Medical Mission Sisters note with joy the 25 years of service of our Sister Janet Harbauer at Uganda Martyrs Hospital in Lubaga, Uganda. As a key administrative staff person, she is on call 24-7, helping with all aspects of building needs for the hospital, school, staff and guest quarters. Sister Janet, a native of Perrysburg, Ohio, also helps secure and administer school fees for needy students and mentors several of them to help them get the most from their education.
Born in San Jose, Costa Rica, North American Associate Karol Feld shares, “I love the idea of being a healing presence. Inspiring others is great.” In 2015, Karol attended one of our The Way of The Healer workshops in Philadelphia, led by Sister Miriam Therese (MT) Winter. Remembering she had sung the songs of MT in grade school, she believed she was meant to connect with our Community.
After graduating from high school in 1974, Karol attended college in San Jose, studying business with an emphasis in marketing. She met her husband-to-be while he was in Costa Rica on vacation. Married in 1985, the couple has two daughters and lives in Philadelphia.
While working for a counseling agency as an authorization manager, Karol developed a knack for computers. Her husband encouraged her to use her computer skills to teach. When an opportunity opened up at a local Catholic high school, Karol happily accepted the position. In addition to 11 years of teaching digital and computer applications, Karol also taught Spanish for two years and was the activities coordinator for nine. She now works at Sr. Hubert’s High School teaching graphic design part-time and also works in the school’s office.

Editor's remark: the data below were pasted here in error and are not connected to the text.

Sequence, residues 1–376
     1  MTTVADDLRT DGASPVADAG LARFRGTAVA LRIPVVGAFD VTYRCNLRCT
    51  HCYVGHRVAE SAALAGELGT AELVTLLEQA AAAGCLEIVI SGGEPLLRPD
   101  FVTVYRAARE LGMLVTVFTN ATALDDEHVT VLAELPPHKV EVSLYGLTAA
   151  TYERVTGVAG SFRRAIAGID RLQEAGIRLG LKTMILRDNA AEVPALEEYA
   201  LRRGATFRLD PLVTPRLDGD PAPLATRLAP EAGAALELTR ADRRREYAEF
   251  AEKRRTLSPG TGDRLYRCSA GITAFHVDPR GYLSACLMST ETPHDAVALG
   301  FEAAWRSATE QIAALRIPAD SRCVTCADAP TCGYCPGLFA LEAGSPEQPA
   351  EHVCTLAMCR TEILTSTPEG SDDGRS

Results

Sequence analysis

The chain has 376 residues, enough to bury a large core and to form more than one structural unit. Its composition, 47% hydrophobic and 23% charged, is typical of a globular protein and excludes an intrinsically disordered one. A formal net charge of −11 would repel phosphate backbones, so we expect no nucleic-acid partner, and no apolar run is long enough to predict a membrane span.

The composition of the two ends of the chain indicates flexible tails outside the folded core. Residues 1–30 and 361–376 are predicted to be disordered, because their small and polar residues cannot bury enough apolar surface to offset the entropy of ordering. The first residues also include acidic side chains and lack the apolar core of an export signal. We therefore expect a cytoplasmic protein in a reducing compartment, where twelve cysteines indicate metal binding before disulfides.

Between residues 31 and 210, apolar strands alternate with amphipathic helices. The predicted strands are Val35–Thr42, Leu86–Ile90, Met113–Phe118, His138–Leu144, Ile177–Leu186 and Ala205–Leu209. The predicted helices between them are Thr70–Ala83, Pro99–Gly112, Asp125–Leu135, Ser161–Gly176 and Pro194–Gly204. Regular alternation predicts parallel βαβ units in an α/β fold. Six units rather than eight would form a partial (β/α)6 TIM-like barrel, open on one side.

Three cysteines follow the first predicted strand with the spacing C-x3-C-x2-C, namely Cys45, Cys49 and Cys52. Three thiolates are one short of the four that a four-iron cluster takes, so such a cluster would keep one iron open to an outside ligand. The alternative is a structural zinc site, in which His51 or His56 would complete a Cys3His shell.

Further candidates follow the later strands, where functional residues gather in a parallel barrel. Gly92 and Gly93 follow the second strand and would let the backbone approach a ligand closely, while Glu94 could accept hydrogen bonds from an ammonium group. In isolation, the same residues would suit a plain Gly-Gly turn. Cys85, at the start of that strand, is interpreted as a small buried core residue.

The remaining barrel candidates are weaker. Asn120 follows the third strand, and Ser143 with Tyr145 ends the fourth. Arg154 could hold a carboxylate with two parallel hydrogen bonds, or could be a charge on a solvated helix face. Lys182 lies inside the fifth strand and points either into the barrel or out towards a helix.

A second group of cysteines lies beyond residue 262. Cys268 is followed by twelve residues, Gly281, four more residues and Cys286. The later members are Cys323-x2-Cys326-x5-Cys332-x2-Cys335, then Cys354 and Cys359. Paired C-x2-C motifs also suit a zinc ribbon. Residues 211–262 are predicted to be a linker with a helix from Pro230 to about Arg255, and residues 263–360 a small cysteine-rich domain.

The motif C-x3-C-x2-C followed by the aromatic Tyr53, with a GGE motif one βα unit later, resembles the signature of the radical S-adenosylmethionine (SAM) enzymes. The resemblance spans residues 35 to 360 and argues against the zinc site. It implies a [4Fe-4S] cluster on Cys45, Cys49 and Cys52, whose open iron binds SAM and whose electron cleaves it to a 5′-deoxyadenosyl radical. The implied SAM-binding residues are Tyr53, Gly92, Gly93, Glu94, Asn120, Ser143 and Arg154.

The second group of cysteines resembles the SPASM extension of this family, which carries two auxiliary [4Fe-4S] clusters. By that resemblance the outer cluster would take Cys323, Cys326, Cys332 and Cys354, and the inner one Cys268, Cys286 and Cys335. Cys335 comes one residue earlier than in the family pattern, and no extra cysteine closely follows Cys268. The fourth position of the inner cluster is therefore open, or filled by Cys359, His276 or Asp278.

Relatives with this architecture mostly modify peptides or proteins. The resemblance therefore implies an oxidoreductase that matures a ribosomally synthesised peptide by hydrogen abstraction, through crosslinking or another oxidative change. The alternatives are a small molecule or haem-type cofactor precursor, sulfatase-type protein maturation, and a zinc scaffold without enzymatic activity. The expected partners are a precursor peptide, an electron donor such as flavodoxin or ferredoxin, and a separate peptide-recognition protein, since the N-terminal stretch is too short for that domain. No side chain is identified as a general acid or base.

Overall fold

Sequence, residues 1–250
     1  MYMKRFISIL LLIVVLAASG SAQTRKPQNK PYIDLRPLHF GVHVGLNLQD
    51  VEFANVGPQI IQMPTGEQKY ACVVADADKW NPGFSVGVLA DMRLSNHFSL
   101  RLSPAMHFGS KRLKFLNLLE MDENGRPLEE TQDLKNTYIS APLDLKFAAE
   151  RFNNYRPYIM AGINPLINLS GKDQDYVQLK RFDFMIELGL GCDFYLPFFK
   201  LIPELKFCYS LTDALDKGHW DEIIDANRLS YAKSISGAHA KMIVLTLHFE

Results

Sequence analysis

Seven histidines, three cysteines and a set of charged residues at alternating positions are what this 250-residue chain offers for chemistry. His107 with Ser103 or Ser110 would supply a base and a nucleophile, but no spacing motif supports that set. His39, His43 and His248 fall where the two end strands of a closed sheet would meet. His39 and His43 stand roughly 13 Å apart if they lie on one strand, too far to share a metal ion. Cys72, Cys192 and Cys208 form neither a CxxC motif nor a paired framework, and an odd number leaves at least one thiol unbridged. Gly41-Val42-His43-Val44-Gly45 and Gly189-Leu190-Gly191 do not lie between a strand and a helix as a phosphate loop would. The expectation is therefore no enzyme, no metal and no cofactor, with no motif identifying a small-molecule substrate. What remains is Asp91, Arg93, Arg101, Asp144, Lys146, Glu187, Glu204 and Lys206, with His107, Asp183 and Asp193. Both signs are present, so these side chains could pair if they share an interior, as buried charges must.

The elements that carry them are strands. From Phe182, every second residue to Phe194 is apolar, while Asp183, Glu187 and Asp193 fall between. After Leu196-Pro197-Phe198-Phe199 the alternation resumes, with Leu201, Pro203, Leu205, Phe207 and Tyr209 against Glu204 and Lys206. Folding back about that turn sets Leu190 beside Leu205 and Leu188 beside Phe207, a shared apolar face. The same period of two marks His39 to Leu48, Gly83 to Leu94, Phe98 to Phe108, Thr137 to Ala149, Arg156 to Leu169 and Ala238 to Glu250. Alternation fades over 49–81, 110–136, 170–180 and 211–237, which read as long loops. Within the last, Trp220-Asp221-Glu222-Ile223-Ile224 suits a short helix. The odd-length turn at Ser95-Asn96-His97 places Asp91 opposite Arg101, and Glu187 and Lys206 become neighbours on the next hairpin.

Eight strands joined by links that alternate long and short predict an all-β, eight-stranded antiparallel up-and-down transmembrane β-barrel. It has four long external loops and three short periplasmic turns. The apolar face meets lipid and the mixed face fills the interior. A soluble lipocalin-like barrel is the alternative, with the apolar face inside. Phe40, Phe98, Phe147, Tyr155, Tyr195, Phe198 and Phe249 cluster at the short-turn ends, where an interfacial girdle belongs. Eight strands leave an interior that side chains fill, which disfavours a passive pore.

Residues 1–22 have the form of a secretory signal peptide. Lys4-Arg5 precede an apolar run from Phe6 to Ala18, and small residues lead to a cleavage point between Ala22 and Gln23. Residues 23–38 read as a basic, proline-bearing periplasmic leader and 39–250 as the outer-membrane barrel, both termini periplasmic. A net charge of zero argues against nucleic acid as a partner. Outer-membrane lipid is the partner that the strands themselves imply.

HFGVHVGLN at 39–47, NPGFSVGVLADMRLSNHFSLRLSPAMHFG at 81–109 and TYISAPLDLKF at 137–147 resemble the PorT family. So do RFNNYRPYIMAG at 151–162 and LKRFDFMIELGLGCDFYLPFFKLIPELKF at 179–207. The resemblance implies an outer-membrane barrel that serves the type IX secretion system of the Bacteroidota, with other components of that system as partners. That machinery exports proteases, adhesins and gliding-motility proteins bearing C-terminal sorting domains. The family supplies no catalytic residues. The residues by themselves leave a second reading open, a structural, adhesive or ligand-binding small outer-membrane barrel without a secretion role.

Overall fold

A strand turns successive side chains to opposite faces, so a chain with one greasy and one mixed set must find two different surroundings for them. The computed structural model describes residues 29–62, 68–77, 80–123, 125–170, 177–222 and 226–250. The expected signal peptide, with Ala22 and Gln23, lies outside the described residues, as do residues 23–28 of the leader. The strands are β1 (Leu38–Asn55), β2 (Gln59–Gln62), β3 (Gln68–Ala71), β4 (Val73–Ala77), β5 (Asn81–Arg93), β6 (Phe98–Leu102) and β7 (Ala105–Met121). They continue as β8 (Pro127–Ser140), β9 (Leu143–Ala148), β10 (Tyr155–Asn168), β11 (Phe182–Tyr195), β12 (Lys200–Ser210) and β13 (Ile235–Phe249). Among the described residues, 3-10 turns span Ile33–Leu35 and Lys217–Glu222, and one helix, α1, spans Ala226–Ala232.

Medical Mission Sisters recently celebrated 50 years of healing presence in Ethiopia. Our Sisters began their mission in Ethiopia in Addis Ababa with a small medical clinic. Attat Hospital in Attat, a little over 100 miles away, was built two years later and has grown to include departments for women with at-risk pregnancies, and malnourished children in addition to general medical and surgical services. Approximately 300 patients also are treated daily at the outpatient clinic. German Sisters Erna Stocker-Waldhuber and Walburga Kupper, who spent many years in Ethiopia, were among those who enjoyed the celebration.
Caption: Sisters Walburga (left) and Erna (right) share, “To see the development of the hospital from the initial small emergency room to today’s clinic with integrated health care, to meet an enlightened population, for which healthy life is a high value, fills us with much gratitude and joy.”
Born in Kerala, South India, Sister Joan Chunkapura entered the Medical Mission Sisters (MMS) in 1963. Sister reflects, “My journey as an MMS in South India has been a meaningful, pleasant and fulfilling experience mainly because I found mission as the very essence of my life.” In 2015, she celebrated her Golden Jubilee.
After earning her B.Sc. in Nursing, Sister Joan was assigned to the Immaculate Heart of Mary Hospital School of Nursing in Kerala, then went to Nangina Hospital, Kenya, where she served as Assistant Matron. She also was Nursing Supervisor at St. Thomas Hospital School of Nursing, Chethipuzha. Sister received her Master of Arts and Ph.D. in Psychology in New Delhi in 1980.
Trained in de-addiction and family therapy in the United States, Sister Joan became a pioneer in the treatment of addicts by opening de-addiction centers in Kerala. Currently, she serves as director/principal of Total Response to Drug and Alcohol Abuse (TRADA) Institute in Kottayam. TRADA works at the grassroots level offering leadership training for dalit and tribal women; reproductive and child health programs; education for children in schools and colleges; information and guidance clinics on HIV/AIDS; and training programs in counseling, pastoral care and Alzheimer’s-related disorders.